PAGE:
“Where is someone that will pay me 1.5X book?; that’s what my Interest Rate Risk model says my bank is worth.” That statement, along with “there is no way this bank could be sold for 1.5X book”, are two comments I’ve heard a few too many times lately from bankers and examiners. While I will let you figure out which group is responsible for each statement, both illustrate a somewhat common misconception that capital values (sometimes called “market value of equity”) from interest rate risk models are meant to reflect actual current and projected institution sales prices.
The misconception really is related to what interest rate risk models are intended to do, which is to assess the risk to both short-term earnings and longer-term capital from changes in market rates. They are not systems intended to provide the institution with an estimate of its real market value (what it could be sold for in the open market). In reality, institution sale prices/true market values are impacted by many factors, most of which are well outside of an interest rate risk model. Most significantly, market values are generally a function of current and projected earnings, facility/branch network, balance sheet structure, loan quality, fixed asset values, comparable market sales, etc.
While I have seen non-interest rate risk valuation models built for this purpose, it is not the purpose of an interest rate risk model. The capital valuation function in interest rate risk models is used to assess the longer-term risk in the balance sheet structure. To do that, most interest rate risk models use a present value calculation discounting future cash flows from both assets and liabilities. Essentially, the model calculates both the PV of assets and PV of liabilities using the noted assumptions (loan and deposit repricing, asset prepayments, non-maturity deposit decay rates, discount rates, etc). The difference between the present value of assets and the present value of liabilities is the present value, or value of capital. That is, it is just the discounted present value of capital. While some models refer to it as the “Market Value of Equity,” I continue to argue that “economic value of equity (EVE)” or even “present value of equity (PVE)” are far more appropriate terms. The calculation is not by any means meant to be an estimate of what the bank could be sold for on the open market (as it does not consider all the other factors I previously noted, such as earnings, asset quality, branches, etc). In fact, I would argue that the actual dollar value of capital as determined in an interest rate risk model is largely meaningless; rather the focus should be on the percentage change in that value at the various parallel and non-parallel shock levels. This percentage change is the true indicator of longer-term interest rate risk (risk to capital).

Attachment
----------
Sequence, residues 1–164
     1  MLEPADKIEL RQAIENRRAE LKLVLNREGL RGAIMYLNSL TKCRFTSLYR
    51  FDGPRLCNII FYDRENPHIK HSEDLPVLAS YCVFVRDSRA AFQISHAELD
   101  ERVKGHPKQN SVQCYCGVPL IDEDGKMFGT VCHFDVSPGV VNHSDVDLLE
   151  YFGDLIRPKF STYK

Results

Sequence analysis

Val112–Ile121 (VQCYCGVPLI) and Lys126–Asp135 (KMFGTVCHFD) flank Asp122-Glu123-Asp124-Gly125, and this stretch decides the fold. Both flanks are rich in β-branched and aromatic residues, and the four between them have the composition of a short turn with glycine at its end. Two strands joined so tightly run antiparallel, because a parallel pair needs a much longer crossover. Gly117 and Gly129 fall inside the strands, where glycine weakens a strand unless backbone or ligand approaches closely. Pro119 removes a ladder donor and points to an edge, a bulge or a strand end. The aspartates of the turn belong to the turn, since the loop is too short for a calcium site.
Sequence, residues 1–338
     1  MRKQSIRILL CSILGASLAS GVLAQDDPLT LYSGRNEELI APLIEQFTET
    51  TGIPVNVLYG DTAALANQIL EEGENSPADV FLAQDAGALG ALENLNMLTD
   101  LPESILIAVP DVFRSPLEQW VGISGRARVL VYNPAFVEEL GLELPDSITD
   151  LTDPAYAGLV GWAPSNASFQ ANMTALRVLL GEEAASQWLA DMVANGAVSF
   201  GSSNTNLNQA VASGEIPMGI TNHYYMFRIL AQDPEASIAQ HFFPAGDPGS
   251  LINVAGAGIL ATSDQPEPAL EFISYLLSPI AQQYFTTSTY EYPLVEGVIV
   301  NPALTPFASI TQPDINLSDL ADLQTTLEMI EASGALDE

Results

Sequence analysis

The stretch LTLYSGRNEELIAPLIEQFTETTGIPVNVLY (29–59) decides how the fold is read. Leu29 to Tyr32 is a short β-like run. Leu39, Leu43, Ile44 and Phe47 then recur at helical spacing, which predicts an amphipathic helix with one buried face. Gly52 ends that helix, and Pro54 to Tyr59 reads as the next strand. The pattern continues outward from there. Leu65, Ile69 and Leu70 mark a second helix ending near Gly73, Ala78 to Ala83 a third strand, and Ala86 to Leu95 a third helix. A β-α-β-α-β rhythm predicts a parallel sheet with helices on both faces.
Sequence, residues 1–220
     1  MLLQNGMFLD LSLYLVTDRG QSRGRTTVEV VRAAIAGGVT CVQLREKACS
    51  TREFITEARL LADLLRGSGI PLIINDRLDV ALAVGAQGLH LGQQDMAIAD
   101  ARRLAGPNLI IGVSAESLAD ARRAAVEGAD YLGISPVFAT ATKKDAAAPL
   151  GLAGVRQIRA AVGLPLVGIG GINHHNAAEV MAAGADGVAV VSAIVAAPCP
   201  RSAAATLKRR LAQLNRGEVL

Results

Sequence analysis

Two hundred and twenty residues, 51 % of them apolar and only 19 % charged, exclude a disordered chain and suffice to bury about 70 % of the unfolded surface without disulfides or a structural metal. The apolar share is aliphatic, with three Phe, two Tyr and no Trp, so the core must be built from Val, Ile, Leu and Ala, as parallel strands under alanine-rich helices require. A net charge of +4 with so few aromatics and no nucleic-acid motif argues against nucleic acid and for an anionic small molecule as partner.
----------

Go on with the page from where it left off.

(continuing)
Lastly, it is important to highlight that all interest rate risk model results are based on the assumptions in the model, which should be determined through a comprehensive process using institution-specific data. That process, and its findings, should be thoroughly documented with supporting studies/workpapers maintained and updated at least annually.
Please give us a call or let us know if you would like assistance developing and documenting institution-specific interest rate risk model assumptions. However; while we’ve helped many clients in this area, we still won’t be able to tell you what your real market value is.